Primitive Defense Mechanisms 1. Denial. Denial is the refusal to accept reality or fact, acting as if a painful event, thought or feeling did not exist. It is considered one of the most primitive of the defense mechanisms because it is characteristic of early childhood development.
Psychological projection is a theory in psychology in which humans defend themselves against their own unconscious impulses or qualities by denying their existence in themselves while attributing them to others. For example, a person who is habitually intolerant may constantly accuse other people of being intolerant. It incorporates blame shifting. According to some research, the projection of one's unconscious qualities onto others is a common process in everyday life.
A rationalization is performed, constructing a seemingly good or logical reason, as an attempt to justify the act after the fact (for oneself or others). Rationalization encourages irrational or unacceptable behavior, motives, or feelings and often involves ad hoc hypothesizing.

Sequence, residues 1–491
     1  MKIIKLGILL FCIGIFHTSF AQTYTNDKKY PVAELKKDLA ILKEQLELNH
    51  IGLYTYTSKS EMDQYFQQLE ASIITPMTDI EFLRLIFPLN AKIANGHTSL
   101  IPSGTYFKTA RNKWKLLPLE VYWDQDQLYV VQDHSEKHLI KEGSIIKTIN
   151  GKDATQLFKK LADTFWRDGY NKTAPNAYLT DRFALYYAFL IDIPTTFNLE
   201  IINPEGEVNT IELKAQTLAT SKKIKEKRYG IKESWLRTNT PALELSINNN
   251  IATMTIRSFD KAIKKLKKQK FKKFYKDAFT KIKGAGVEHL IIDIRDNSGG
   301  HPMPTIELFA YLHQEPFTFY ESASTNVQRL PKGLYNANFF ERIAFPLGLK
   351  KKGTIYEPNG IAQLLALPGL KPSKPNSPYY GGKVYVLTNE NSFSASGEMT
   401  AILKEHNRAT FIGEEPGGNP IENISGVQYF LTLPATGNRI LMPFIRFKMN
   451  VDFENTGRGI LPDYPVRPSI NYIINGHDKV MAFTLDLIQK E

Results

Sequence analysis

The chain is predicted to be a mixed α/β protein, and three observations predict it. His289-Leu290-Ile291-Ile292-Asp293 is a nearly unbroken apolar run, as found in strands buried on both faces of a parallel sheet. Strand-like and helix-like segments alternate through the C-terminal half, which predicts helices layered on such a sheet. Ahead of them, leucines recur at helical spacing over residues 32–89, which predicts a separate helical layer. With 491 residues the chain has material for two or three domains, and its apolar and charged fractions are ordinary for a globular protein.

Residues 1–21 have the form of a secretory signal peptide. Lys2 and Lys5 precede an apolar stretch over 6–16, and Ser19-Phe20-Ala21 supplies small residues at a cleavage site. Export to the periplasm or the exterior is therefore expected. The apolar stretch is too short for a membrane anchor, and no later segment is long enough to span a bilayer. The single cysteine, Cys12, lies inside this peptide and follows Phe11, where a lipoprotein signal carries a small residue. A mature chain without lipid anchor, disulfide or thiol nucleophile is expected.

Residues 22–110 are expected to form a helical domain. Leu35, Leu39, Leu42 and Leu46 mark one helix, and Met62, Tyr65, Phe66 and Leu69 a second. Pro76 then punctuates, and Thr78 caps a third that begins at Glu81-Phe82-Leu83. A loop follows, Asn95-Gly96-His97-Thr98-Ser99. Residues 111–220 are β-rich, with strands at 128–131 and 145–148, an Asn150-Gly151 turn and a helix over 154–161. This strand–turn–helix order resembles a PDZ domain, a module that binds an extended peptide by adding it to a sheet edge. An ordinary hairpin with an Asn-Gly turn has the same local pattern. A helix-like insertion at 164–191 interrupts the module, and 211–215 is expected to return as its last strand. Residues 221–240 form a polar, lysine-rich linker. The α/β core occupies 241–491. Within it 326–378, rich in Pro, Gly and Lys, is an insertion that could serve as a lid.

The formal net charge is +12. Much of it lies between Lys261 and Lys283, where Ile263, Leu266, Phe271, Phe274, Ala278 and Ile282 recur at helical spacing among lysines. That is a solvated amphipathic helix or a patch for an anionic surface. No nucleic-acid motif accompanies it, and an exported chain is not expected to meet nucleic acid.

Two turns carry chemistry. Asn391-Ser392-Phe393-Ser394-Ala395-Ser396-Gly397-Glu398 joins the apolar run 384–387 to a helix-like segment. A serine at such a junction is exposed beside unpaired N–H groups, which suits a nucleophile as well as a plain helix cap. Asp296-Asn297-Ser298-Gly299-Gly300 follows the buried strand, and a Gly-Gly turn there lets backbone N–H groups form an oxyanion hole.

Reaction formation is a kind of psychological defense mechanism in which a person perceives their true feelings or desires to be socially or, in some cases, legally unacceptable, and so they attempt to convince themselves or others that the opposite is true--often in a very exaggerated performance.
Regression (German: Regression), according to psychoanalyst Sigmund Freud, is a defense mechanism leading to the temporary or long-term reversion of the ego to an earlier stage of development rather than handling unacceptable impulses in a more adaptive way.
In psychology, sublimation is a mature type of defense mechanism, in which socially unacceptable impulses or idealizations are unconsciously transformed into socially acceptable actions or behavior, possibly resulting in a long-term conversion of the initial impulse.